Gothenburg, Sweden announced its latest plans to abolish the six-hour workday. According to a report by the Atlantic, “The governing coalition has proposed a year-long trial that would divide some municipal workers into a test and control group at the same pay rate, with the test group working six-hour days and the control group working the traditional eight.”
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While Gothenburg may not be the first city to implement such a shift change, global economists expect it may not be the last. Meanwhile, manufacturers worry over lost productivity despite the benefits for workers.
However, Gothenburg mayor Mats Pilhem thinks manufacturers will actually profit. The Local reported Philhem’s sentiment, “[…] he hoped the move would create more jobs, as he had seen evidence that longer shifts entailed less efficiency. In some sectors, such as elderly care, the problem was not staff shortages, he claimed, but people working inefficiently over longer shifts.”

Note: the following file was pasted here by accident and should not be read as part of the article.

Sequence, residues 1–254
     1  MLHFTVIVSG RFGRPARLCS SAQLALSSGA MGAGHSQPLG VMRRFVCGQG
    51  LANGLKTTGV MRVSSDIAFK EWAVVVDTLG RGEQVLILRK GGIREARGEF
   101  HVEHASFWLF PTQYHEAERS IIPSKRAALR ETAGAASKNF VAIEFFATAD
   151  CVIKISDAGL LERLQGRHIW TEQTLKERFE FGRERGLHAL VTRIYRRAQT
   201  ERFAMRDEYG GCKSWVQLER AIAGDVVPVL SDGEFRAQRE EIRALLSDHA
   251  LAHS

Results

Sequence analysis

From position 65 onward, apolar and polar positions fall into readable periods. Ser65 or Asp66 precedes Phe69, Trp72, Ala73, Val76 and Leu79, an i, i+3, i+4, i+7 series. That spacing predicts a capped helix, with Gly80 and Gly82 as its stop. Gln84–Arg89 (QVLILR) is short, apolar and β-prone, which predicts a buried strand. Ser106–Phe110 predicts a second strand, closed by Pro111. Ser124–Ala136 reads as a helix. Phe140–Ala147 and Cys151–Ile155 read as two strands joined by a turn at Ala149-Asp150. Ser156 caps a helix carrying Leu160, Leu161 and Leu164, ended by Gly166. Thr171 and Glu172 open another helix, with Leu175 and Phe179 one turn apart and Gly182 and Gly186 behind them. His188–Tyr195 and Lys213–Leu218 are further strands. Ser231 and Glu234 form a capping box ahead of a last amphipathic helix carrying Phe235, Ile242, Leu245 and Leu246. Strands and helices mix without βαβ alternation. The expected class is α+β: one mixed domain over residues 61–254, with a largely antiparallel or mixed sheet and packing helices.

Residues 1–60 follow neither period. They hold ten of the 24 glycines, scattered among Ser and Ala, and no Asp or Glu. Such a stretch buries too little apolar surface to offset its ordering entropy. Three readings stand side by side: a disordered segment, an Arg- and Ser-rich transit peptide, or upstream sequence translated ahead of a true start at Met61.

Although, the mandate is limited to Gothenburg, other Swedish officials are considering the benefits as well. The change in policy could temporarily disturb a recovering manufacturing sector as companies adjust to the new workday.
According to Investing.com, as of March, “Swedish Manufacturing PMI rose to a seasonally adjusted 56.5, from 54.6 in the preceding month.”
Indeed, critics are quick to note the potential shortcomings for the manufacturing industry.
In a separate report by The Local, the opposition points out: “At present, many Swedish employers struggle to find competent staff, for example in the manufacturing industry where a lack of technical know-how among job seekers has slowed down production. If Swedish engineers cut their hours, production would slump even further.”
Currently, Swedish manufacturing primarily excels in forest exports (wood) for paper products. There’s a notable electronics industry in Stockholm as well. Metalwork is also a prominent sector. Gothenburg in particular is known for its metal manufactures, including Sweden AB. [/show_to]